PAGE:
It’s worth noting that TCA panels are notoriously combative. It’s a roomful of critics in Q&A with the creators, writers and stars of TV shows, and they’re virtually un-moderated. This isn’t Paley Fest or Comic Con. It’s an industry press conference. In the recent past, panels for Dads and 2 Broke Girls have gotten really rough, with name-calling and shouting—by the TCA standard, this was actually a pretty civil exchange. It didn’t even occur to me that Dunham was being defensive until people started making it about her answer, and not his question.
#3 I’m sure he didn’t MEAN IT like that
I’m sure he didn’t, either. But to paraphrase a comment I made on FilmDrunk, it’s not about what he meant. It’s about what he exposed. And what Molloy’s question—and the assumption behind it, that female nudity must be [sexually] pleasing or else GTFO—exposed is a deeply ingrained sexist way of thinking. It’s so institutionalized that people aren’t even aware they think this way, until it gets pointed out in situations exactly like this one.
In his excellent, must-read piece about rape culture, Badass Digest’s FilmCritHulk talks about what he calls the “50% Theory”: That 50% of men don’t actually like women. I recommend reading the whole piece to get the full context, but his theory dovetails with what I call “internalized misogyny”. Most of that 50% don’t think of themselves as misogynists. If you asked, they would say they love women, of course they do. But that’s a socially trained response, and one which is, relatively, new. In reality, even though most of these men are good guys with no bad intentions, they end up saying something along the lines of what Molloy did, revealing the latent devaluing at the heart of their perception of women.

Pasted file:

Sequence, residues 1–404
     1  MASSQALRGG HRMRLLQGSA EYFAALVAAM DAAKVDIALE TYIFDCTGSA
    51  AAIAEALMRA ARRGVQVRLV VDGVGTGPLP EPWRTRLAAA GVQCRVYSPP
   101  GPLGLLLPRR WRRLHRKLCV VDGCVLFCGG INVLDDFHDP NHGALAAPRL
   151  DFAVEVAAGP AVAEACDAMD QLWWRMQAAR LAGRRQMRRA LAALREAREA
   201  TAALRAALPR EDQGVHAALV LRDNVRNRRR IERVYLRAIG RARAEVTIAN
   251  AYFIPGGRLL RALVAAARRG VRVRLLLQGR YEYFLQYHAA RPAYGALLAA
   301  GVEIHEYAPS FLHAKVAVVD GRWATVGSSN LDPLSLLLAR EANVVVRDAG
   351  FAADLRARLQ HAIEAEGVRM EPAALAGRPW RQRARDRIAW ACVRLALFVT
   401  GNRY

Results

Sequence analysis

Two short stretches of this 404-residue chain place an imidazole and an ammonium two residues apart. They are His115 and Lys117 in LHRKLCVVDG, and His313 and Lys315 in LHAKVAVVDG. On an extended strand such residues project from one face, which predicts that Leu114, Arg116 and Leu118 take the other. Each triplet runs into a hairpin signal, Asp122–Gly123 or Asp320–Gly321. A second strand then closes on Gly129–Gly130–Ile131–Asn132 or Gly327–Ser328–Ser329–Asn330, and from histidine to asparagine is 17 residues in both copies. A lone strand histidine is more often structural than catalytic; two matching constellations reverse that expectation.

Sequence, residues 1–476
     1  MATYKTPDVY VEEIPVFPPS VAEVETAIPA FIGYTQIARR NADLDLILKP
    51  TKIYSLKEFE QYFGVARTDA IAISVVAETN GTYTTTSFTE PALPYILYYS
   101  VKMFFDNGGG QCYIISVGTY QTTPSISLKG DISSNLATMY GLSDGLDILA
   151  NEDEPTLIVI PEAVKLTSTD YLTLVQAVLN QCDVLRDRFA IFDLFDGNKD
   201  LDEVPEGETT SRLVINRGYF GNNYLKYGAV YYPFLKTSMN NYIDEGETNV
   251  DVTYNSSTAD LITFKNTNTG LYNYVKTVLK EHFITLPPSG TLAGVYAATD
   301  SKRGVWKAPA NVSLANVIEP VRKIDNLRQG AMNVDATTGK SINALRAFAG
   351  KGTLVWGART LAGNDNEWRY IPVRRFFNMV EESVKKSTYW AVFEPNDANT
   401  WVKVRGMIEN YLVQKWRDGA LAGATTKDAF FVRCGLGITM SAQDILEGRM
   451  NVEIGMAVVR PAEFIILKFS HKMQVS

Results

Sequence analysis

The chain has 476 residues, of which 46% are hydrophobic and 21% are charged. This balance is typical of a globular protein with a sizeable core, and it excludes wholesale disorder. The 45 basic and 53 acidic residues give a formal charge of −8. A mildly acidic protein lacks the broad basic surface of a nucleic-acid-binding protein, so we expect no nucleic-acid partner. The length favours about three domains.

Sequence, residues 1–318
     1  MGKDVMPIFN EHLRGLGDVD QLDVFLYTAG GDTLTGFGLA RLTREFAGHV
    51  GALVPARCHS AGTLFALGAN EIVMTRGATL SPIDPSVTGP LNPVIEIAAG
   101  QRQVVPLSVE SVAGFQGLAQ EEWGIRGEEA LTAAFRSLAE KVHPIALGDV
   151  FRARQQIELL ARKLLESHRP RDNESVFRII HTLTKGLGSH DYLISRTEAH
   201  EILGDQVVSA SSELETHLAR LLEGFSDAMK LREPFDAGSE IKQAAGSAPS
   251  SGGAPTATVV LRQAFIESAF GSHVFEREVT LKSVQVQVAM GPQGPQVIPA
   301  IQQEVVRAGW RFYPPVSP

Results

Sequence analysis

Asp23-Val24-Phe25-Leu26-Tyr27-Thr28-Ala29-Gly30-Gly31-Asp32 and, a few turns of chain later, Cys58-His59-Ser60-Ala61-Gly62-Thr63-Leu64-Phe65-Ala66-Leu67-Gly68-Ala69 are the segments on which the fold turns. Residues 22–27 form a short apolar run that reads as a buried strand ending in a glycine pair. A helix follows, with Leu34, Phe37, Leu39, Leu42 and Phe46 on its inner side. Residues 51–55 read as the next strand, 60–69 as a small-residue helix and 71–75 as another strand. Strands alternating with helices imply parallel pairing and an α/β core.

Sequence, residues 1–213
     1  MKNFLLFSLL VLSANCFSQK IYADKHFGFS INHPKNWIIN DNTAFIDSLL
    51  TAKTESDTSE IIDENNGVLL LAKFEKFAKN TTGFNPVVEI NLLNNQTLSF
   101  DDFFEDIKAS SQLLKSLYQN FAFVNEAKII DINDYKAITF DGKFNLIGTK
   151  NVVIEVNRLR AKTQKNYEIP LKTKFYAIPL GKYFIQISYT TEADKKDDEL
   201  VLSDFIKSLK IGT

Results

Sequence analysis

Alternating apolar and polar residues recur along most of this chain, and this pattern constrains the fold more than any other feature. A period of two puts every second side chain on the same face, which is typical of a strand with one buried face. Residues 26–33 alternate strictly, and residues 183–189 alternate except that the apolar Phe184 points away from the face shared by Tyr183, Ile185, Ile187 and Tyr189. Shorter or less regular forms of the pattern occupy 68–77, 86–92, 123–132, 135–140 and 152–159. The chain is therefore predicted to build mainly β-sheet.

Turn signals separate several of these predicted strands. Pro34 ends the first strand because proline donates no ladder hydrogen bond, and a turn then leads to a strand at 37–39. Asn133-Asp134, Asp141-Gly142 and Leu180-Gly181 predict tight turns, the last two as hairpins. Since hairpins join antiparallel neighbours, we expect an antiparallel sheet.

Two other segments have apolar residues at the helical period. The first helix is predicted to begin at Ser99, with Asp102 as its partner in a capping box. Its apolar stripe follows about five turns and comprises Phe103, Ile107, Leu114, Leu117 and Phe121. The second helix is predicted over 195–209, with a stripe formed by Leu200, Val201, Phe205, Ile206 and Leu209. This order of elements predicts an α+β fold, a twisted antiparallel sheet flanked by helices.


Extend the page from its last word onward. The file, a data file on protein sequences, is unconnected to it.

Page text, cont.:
The kickback to that moment, again, tries to shift the blame to Dunham. She’s a provocateur, she just wants attention. Let’s not talk about what Molloy’s question says about how a lot of men think about women and their bodies, but instead gripe about this chick’s exhibitionism. It’s her fault for getting naked, not ours for having a problem with it. Besides furthering the dangerous Us vs. Them attitude that surrounds sex and sexuality, that way of thinking does nothing to mitigate the internalized misogyny in the moment.
There are a lot of reasons to not like Lena Dunham or Girls. I don’t like the show, and I don’t really get Dunham, but her character’s nakedness is neither here nor there. She chooses to get naked, fine. That’s her thing. How you react to it, though, is entirely on you.